Device Transport Type Static IP Wireless Support Bridge Mode Type
2Wire 3600/3800/3801 VDSL2
ONT
Yes 802.11b/g DMZ+
2Wire 5031NV VDSL2
Also known to work on ADSL2+
Yes 802.11b/g
802.11n
DMZ+
2Wire 270HGV-B ADSL2+ Yes 802.11b/g DMZ+
2Wire iNID VDSL2 Bonded Pair Yes 802.11b/g DMZ+
Motorola NVG510 ADSL2+ Yes 802.11b/g
802.11n
IP Passthrough
Arris NVG589 ADSL2+
VDSL2
ADSL2+ Bonded Pair
VDSL2 Bonded Pair
ONT
Yes 802.11b/g
802.11n
IP Passthrough
Arris NVG599 ADSL2+
VDSL2
ADSL2+ Bonded Pair
VDSL2 Bonded Pair
ONT
Yes 802.11b/g
Dual-Band 802.11n/AC
IP Passthrough
Motorola 2210 ADSL2+ No None IP Passthrough
Pace 5268AC ADSL2+
VDSL2
ADSL2+ Bonded Pair
VDSL2 Bonded Pair
ONT
Yes 802.11b/g
Dual-Band 802.11n/AC
DMZ+


See also[edit]

References[edit]

  1. ^ http://www.att.com/local/
  2. ^ a b c d e "AT&T U-verse Timeline" (pdf). AT&T. 2008. Retrieved January 2, 2015. 
  3. ^ a b c Post Alexander, Atlanta, Ga., p. 24.[dead link]
  4. ^ "AT&T U-verse Broadband Overview and Coverage". broadbandnow.com. Retrieved June 3, 2015. 
  5. ^ AT&T U-verse Timeline
  6. ^ AT&T U-verse TV Service Arrives in Birmingham
  7. ^ "AT&T U-verse Timeline" (PDF). Retrieved August 20, 2015. 
  8. ^ AT&T U-verse Voice Digital Home Phone Service Reaches 1 Million Lines
  9. ^ Best-Ever Mobile Broadband Sales and Strong Cash Flows Highlight AT&T's Fourth-Quarter Results
  10. ^ "U-verse Update: 2Q12" (PDF). Retrieved August 20, 2015. 
  11. ^ U-verse Update: 3Q12
  12. ^ Bode, Karl (August 14, 2015). "AT&T Outlines the Changes DirecTV (and U-Verse) Users Will See". DSL Reports. Retrieved August 15, 2015. 
  13. ^ Dano, Mike (August 12, 2015). "AT&T to stop investing in U-verse CPE, will move to new in-home architecture using DirecTV system". FierceCable. Retrieved August 15, 2015. 
  14. ^ Baumgartner, Jeff (August 17, 2015). "AT&T to Put 'Genie' Into U-Verse's Bottle". MultiChannel News. Retrieved August 20, 2015. (subscription required (help)). 
  15. ^ Moritz, Scott (February 16, 2016). "AT&T Takes U-Turn on U-Verse as It Pushes Users Toward DirecTV". Bloomberg. Retrieved February 16, 2016.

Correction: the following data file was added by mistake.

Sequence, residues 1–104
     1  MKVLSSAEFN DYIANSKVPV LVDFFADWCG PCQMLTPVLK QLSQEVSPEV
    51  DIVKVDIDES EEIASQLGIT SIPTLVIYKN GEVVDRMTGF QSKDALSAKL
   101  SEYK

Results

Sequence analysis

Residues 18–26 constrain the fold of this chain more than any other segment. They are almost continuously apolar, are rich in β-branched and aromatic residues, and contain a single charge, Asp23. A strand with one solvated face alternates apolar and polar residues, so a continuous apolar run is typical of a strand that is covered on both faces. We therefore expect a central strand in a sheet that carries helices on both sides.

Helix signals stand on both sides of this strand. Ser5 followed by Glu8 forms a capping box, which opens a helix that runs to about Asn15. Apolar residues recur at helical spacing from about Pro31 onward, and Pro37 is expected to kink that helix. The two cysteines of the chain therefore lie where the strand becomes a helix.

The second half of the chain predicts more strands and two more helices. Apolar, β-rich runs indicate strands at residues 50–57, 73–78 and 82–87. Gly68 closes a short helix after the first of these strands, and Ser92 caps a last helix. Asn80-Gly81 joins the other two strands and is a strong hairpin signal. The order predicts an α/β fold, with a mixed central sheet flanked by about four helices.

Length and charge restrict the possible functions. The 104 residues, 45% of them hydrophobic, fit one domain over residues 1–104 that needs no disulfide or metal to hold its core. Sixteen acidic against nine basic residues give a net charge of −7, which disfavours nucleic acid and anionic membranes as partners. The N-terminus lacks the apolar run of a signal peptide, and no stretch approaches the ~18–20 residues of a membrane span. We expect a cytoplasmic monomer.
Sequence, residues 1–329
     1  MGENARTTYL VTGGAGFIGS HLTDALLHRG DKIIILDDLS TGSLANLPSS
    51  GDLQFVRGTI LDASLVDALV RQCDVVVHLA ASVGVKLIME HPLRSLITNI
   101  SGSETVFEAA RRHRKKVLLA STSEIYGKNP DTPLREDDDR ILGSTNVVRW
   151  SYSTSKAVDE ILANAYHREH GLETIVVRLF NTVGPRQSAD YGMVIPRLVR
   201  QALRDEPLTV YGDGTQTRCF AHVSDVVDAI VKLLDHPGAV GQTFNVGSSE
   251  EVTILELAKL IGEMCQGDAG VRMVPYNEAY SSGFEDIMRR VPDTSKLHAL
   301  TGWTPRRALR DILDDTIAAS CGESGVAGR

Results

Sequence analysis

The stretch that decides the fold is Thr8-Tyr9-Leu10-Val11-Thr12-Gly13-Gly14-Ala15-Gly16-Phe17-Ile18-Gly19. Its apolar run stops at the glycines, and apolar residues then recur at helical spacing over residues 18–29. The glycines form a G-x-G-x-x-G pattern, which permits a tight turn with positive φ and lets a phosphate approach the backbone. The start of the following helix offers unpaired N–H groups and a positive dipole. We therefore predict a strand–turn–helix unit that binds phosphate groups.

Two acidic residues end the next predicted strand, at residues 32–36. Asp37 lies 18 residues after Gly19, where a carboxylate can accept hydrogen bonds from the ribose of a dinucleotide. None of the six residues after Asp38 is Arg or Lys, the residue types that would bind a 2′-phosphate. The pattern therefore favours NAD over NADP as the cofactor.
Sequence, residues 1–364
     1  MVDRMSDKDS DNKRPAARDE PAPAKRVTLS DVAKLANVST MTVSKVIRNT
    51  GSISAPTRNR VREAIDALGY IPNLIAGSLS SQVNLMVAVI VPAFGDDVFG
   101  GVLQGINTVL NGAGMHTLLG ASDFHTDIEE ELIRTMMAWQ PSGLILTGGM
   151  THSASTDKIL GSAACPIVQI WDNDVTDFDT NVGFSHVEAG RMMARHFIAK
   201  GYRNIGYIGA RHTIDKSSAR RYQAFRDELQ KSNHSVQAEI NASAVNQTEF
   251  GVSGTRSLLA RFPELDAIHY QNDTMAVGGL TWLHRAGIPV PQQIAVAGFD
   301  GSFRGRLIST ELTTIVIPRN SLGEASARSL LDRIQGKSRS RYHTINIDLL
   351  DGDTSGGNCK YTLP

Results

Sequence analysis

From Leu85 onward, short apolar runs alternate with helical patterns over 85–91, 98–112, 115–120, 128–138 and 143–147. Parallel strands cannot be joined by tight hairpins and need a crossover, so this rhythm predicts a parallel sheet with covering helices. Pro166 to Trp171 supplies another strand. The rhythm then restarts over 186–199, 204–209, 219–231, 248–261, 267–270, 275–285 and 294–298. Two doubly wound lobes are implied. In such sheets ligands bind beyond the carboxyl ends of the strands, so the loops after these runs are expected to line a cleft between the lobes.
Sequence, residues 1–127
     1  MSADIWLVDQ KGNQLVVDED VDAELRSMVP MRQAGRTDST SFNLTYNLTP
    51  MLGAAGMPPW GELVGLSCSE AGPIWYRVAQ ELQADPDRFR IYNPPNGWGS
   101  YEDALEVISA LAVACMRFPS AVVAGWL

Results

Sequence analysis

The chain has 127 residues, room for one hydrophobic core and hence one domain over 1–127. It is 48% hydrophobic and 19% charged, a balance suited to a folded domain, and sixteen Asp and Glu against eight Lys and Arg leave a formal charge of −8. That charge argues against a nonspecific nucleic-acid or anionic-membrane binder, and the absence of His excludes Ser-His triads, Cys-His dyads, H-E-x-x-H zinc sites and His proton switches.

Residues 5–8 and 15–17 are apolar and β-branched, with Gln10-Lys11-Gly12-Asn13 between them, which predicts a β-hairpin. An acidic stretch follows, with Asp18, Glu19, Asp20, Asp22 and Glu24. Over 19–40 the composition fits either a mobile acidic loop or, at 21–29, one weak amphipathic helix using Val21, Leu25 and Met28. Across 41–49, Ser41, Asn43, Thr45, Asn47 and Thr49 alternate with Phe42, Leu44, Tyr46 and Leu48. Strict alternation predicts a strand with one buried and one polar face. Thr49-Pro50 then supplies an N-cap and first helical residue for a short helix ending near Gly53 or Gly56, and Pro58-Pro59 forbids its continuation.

16. ^ Baumgarnter, Jeff (February 16, 2016). "AT&T Stops Making U-verse TV Boxes: Report". MultiChannel News. Retrieved February 16, 2016. 
  17. ^ Frankel, Daniel (February 16, 2016). "AT&T reportedly halts U-verse set-top production in latest DirecTV push". Fierce Cable. Retrieved February 18, 2016. 
  18. ^ Brodkin, Jon (March 29, 2016). "AT&T boosts data caps for home Internet and steps up enforcement". ArsTechnica.com. Retrieved March 31, 2016. 
  19. ^ de la Cruz, Jose (March 31, 2016). "AT&T Increases Home Internet Data Caps But There's A Catch". Jobs & Hire. Retrieved March 31, 2016. 
  20. ^ Littleton, Cynthia (April 26, 2016). "AT&T Sees DirecTV, Broadband Subscriber Gains in Q1 as U-verse Fades". Variety. Retrieved April 28, 2016. 
  21. ^ Sawers, Paul (May 16, 2016). "AT&T acquires OTT video platform Quickplay ahead of DirecTV streaming service launch this year". Venture Beat. Retrieved May 16, 2016. 
  22. ^ Bode, Karl (March 3, 2014). "AT&T's 'IP Transition' Will Make U.S. Broadband Even Less Competitive". Techdirt. Archived from the original on March 3, 2014. Retrieved May 12, 2016. 
  23. ^ AT&T U-verse Total Home DVR
  24. ^ Channel Directory: AT&T U-verse [January 2014]
  25. ^ "Official AT&T Channel Line Up" (PDF). AT&T. Retrieved June 3, 2015. 
  26. ^ "Hallmark Channels Go Dark On AT&T U-verse". Multichannel News. September 1, 2010. Retrieved October 3, 2015.